Therefore, since we have a great high priest who has gone through the heavens, Jesus the Son of God, let us hold firmly to the faith we profess. For we do not have a high priest who is unable to sympathize with our weaknesses, but we have one who has been tempted in every way, just as we are – yet was without sin. Let us then approach the throne of grace with confidence, so that we may receive mercy and find grace to help us in our time of need.
A high priest is one who has hands stretched out in two directions. He joins hands, as it were, with God, ministering God’s presence to God’s people. And he reaches out to people, drawing them to God.
How if that hand, stretched out to me and you, is prickly and hard, exuding condemnation, lacking any warmth and sympathy? Our own approach to God would be faltering as a result. Our sense would be that the high priest’s disdain is reflective of God’s attitude, too.
This is why there is such huge power in the word “sympathize.”Jesus knows our weaknesses and has sympathy towards us right in their midst. While a “prickly” high priest would back away from any taint of weakness, our High Priest has great compassion for us right at those very points.
Think of your weaknesses. Those places you most easily stumble and fall. The temptations that most readily trip you up, time and again. Those dark attitudes of heart that seem to rise up unbidden. The foul imaginings that play out in technicolour across the movie-screen of your mind. The hurtful words that slip out so effortlessly, almost before you have a chance to think.
Those are the very places that Jesus himself, the perfect Son of God, feels sympathy toward you. Receive that. Pause for a moment. Feel the reality deeply. Know the truth of it. Yes, the Son of God himself feels for you in those very weaknesses.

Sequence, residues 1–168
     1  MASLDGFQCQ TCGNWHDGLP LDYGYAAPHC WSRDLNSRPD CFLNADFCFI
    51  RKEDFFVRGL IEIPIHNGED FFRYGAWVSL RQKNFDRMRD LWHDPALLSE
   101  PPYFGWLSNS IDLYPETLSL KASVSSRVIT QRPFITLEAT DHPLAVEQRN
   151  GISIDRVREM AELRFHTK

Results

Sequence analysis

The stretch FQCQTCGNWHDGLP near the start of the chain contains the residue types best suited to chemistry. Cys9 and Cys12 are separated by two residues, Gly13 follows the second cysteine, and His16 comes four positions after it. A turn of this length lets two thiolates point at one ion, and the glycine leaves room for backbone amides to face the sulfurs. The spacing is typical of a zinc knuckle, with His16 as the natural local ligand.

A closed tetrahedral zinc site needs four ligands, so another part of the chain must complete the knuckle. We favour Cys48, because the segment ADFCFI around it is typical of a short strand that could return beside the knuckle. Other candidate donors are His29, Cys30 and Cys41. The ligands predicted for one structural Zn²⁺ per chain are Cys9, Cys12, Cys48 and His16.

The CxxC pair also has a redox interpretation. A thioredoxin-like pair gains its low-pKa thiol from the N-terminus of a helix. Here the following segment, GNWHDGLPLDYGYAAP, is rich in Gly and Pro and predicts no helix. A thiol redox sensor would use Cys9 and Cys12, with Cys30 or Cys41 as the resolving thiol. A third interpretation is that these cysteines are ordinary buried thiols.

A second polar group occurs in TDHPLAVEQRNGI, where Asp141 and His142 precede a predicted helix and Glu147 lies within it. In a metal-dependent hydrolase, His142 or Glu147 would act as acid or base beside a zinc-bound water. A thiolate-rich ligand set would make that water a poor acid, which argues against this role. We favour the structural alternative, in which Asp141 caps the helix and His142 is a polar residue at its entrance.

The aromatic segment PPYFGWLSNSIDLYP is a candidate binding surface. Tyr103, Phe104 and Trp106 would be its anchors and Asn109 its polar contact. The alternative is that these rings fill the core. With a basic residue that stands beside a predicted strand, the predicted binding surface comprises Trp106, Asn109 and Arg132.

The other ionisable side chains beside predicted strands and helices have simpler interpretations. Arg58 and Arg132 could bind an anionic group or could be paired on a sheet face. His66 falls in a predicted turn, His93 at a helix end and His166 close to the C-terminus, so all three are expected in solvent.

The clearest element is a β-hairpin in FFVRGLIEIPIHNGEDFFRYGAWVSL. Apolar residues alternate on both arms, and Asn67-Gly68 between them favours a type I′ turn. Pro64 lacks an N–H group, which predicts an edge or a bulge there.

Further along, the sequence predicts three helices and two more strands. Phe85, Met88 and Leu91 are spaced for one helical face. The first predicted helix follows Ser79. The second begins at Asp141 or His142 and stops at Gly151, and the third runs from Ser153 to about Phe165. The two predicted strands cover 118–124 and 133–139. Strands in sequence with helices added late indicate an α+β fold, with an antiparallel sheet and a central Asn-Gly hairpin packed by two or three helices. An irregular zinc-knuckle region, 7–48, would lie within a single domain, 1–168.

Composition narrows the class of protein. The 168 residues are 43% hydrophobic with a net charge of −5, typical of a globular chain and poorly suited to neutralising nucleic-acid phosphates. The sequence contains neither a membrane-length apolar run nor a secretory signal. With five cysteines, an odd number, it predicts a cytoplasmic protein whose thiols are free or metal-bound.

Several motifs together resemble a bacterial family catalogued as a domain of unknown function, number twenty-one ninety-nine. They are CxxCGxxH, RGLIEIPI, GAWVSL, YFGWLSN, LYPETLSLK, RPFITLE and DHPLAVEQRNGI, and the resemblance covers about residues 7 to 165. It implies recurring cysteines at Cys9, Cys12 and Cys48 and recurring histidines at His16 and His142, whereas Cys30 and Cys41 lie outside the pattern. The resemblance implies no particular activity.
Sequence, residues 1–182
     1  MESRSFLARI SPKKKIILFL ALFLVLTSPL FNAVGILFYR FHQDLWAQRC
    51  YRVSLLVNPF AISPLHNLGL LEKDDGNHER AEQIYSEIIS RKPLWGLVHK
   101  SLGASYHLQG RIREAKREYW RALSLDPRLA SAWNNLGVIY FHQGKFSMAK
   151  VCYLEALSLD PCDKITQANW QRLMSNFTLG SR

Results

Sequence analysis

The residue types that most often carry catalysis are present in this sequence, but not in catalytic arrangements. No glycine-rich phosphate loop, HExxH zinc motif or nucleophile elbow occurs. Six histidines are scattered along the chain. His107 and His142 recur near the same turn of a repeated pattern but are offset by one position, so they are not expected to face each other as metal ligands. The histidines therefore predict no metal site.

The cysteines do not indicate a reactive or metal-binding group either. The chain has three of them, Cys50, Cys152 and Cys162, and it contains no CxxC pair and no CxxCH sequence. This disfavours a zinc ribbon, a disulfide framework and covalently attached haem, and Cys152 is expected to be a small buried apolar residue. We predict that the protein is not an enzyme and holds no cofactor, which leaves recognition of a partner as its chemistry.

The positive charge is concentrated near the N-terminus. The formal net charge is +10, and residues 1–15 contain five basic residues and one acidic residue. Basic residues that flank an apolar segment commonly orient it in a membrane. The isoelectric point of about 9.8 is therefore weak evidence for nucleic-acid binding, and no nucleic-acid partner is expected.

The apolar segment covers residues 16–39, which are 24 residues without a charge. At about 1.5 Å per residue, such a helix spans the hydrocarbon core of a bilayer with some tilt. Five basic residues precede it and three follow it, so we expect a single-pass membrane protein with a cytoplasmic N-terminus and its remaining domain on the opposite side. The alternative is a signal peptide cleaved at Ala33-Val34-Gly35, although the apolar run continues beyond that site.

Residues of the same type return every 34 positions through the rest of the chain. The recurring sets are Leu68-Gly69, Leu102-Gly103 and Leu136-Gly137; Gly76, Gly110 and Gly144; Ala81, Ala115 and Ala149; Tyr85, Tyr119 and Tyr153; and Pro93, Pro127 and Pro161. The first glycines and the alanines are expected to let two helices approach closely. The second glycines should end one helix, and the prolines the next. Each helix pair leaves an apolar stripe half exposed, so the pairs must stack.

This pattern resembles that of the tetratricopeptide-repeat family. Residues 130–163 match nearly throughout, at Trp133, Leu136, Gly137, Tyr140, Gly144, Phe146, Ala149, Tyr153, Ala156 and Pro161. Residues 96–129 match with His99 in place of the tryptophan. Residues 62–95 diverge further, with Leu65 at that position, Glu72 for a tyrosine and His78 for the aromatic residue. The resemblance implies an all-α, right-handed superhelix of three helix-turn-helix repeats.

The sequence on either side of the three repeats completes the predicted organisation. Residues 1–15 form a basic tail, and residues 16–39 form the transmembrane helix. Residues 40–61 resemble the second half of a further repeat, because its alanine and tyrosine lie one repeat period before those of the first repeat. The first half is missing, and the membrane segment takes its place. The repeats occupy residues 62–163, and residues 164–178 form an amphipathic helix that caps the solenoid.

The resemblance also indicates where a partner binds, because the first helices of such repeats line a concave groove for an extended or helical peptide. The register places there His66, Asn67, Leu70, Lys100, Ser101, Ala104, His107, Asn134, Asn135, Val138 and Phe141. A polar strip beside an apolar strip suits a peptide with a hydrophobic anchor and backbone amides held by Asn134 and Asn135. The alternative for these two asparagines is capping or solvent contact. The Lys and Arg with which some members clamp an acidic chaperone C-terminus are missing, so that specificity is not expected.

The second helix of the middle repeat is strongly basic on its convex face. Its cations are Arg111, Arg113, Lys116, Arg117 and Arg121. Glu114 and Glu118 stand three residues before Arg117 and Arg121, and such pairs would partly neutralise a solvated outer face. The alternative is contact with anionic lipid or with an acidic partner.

Indeed, further, beyond anything we could have ever expected, it turns out those areas of temptation are ones in which Jesus himself has walked, experiencing their attraction to the full, enduring all of their seductive raging. No wonder he sympathizes with our struggles – he’s been there.
“Yet was without sin.” This phrase caps the encouragement in this teaching. If our High Priest identified fully with our weaknesses and yet also fell into the very same, we’d all be in one pit together. Ultimately, not very helpful. But our High Priest, Jesus himself, has endured. He persevered, pressing through. He has come out, unstained on the other side. We have two powerful sightings of this endurance in the Gospels. The first comes while he is badgered in the wilderness by the Devil – Jesus stands firm, each time casting aside the Tempter’s suggestion to step outside the Father’s will. The second is in Gethsemane when the coming agony of crucifixion presses in with overwhelming intensity – yet he aligns himself again with the Father’s will, setting his sights on the cross.
This, then, is a High Priest from whom we can receive both sympathy and help. So, don’t hold back. The throne of grace is open before us. Step up, with full assurance and absolute confidence. We are welcomed to step right in – Jesus’ acceptance is sure. His help is there for us in our time of need. Any time. All the time.
Thank you Lord Jesus that you are my great High Priest. Thank you that you understand my struggles and weaknesses so fully, with such sympathy. Praise you that you always endured. Thank you that you welcome me to find mercy and grace in my time of need. I receive.
Reflect: In what area of weakness do you most need Jesus’ understanding and help right now? With the full confidence this passage provides, take it all straight into the throne room.